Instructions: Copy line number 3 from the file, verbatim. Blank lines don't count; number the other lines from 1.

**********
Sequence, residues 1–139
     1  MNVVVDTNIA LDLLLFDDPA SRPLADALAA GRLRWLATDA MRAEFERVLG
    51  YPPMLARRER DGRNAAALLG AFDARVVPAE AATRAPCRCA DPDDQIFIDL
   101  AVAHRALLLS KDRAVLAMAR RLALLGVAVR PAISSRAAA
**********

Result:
    51  YPPMLARRER DGRNAAALLG AFDARVVPAE AATRAPCRCA DPDDQIFIDL